But the skies had another act in their meteorological play; rain returned, relentless and heavy. We retreated to the communal warmth of the Gjendesheim hut for lunch. There, we struck up a conversation with an American couple who, like us, had set their sights on conquering the Besseggen Ridge, Norway's most renowned natural walkway. A quick consultation with the weather gods via our phone revealed an unwelcome prophecy: the rain was to be our constant companion for the entire next day.

Tackling Besseggen in such conditions would be neither wise nor safe, so we opted to give the sky its day of tears. The couple, bound by tighter constraints of time, had no such luxury. We exchanged goodbyes, a fleeting connection with kindred spirits, before returning to our tent, the canvas dwelling that was, for now, our home amid the wilderness.

Rainy day, Bessegen has to wait

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When dawn stretched its fingers through the gray curtain of sky, we awoke to the rhythm of rain pattering on our tent—an ambient symphony of droplets and canvas. The sound, while comforting in its lullaby-like cadence, heralded the undeniable fact that our intended journey over the Besseggen Ridge to Memurubu would not unfold this day.

We ventured to the small buffet near the dock, where cinnamon rolls—sweet spirals of comfort—and coffee awaited us. As the hot liquid warmed our hands and the sugary pastry sweetened our spirits, we contemplated alternative plans. A fellow traveler, perhaps sensing our restless itch for exploration, suggested a loop hike to Besseheim and back. The idea felt right; a 12-kilometer jaunt that promised arresting landscapes and, crucially, would not suffer unduly from the rain.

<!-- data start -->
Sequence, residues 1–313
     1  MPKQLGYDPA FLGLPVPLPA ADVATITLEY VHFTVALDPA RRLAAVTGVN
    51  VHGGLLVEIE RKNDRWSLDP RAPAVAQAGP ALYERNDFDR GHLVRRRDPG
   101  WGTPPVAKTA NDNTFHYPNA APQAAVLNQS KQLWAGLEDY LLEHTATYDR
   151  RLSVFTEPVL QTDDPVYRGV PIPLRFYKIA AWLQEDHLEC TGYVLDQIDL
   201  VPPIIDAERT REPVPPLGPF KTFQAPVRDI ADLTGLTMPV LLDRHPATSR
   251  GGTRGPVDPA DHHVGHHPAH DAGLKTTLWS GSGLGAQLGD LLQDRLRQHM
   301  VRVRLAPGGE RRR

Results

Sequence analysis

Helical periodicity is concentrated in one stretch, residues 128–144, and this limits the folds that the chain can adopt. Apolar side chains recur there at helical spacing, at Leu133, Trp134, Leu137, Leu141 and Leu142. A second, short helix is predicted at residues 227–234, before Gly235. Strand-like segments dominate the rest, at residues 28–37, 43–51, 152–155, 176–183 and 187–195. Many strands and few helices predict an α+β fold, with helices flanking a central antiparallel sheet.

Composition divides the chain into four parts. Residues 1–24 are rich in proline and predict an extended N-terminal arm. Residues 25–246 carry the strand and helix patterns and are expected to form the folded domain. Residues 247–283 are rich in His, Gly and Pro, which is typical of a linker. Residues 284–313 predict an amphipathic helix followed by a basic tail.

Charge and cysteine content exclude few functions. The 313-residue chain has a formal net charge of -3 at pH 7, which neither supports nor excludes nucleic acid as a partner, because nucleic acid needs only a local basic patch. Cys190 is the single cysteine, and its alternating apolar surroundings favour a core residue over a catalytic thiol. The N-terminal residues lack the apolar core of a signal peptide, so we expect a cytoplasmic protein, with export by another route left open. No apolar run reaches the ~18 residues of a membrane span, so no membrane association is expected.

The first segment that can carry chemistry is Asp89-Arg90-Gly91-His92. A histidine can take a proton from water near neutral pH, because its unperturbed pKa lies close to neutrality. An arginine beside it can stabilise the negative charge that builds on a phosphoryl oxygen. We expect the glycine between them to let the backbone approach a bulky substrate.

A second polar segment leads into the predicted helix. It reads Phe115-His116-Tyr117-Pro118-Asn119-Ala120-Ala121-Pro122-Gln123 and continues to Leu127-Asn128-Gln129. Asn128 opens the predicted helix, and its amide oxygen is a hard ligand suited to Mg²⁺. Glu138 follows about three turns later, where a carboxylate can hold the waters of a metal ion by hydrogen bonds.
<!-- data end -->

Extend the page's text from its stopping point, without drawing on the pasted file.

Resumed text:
And so it was decided. If the sky insisted on its weeping, then let it. We would adapt, for such is the essence of adventure: to bend like a willow in the wind, resilient and undeterred, finding a way to dance even in the downpour.

With essentials stowed away in a compact backpack—rain gear for the skies' caprice, snacks for sustenance, and water as our liquid ally—we embarked on our newly-charted course. The signs beckoning toward Besseheim were our north stars; their clear directions left little room for misstep.

Our path led us up a ridge just beyond Gjendesheim, where a pause and a glance back rewarded us with views as lavish as an epic poem. Lake Gjende lay sprawled like a tranquil titan, its emerald surface set like a gem amid the rough-hewn cradle of mountains. There, where the water met the peaks, nature’s own canvas was painted in tones of stone and liquid jade.

But as if summoned by the drama of the landscape, rainclouds regrouped over the plateau we'd just ascended. The moisture was met not with sighs but smiles. Out came our rain gear, a plastic armor against the heavens' tears. In such a setting, even rain became a player in the spectacle, adding a dynamic sheen to the scenery, a new texture to our day.

Descending the ridge toward Besseheim, our footsteps were guided by the allure of warmth and respite. There, within the welcoming walls of a local hotel and restaurant, we warmed the cold periphery of our bodies with cups of steaming coffee. Each sip was not just a gulp of heat, but a small, comforting celebration—a toast to the serendipitous and ever-unfolding journey that awaited us.